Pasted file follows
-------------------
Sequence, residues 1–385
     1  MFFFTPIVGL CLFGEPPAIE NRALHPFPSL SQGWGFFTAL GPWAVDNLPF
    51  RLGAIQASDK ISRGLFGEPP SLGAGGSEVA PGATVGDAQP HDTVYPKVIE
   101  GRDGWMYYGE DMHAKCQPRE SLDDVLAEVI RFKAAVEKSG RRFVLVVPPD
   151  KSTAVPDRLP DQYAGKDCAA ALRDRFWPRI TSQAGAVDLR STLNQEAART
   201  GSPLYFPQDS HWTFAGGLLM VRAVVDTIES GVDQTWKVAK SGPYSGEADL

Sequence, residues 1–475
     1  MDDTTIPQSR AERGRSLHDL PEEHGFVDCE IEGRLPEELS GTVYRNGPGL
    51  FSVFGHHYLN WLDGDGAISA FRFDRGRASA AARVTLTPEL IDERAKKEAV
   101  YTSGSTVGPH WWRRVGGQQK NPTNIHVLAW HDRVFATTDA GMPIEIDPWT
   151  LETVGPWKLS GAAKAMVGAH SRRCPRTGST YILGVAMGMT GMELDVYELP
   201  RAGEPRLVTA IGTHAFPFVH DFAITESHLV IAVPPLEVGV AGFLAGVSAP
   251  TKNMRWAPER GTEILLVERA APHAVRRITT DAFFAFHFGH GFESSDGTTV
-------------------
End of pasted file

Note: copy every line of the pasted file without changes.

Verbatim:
Sequence, residues 1–385
     1  MFFFTPIVGL CLFGEPPAIE NRALHPFPSL SQGWGFFTAL GPWAVDNLPF
    51  RLGAIQASDK ISRGLFGEPP SLGAGGSEVA PGATVGDAQP HDTVYPKVIE
   101  GRDGWMYYGE DMHAKCQPRE SLDDVLAEVI RFKAAVEKSG RRFVLVVPPD
   151  KSTAVPDRLP DQYAGKDCAA ALRDRFWPRI TSQAGAVDLR STLNQEAART
   201  GSPLYFPQDS HWTFAGGLLM VRAVVDTIES GVDQTWKVAK SGPYSGEADL

Sequence, residues 1–475
     1  MDDTTIPQSR AERGRSLHDL PEEHGFVDCE IEGRLPEELS GTVYRNGPGL
    51  FSVFGHHYLN WLDGDGAISA FRFDRGRASA AARVTLTPEL IDERAKKEAV
   101  YTSGSTVGPH WWRRVGGQQK NPTNIHVLAW HDRVFATTDA GMPIEIDPWT
   151  LETVGPWKLS GAAKAMVGAH SRRCPRTGST YILGVAMGMT GMELDVYELP
   201  RAGEPRLVTA IGTHAFPFVH DFAITESHLV IAVPPLEVGV AGFLAGVSAP
   251  TKNMRWAPER GTEILLVERA APHAVRRITT DAFFAFHFGH GFESSDGTTV